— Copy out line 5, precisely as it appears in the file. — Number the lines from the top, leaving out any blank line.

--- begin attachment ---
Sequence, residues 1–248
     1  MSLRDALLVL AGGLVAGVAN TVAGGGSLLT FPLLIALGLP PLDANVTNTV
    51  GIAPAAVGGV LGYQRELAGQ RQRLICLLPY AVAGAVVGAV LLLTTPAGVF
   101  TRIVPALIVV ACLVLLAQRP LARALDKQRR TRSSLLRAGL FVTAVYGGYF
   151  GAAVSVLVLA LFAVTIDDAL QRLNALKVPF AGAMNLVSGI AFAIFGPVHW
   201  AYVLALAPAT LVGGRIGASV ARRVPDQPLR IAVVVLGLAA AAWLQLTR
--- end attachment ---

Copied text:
   151  GAAVSVLVLA LFAVTIDDAL QRLNALKVPF AGAMNLVSGI AFAIFGPVHW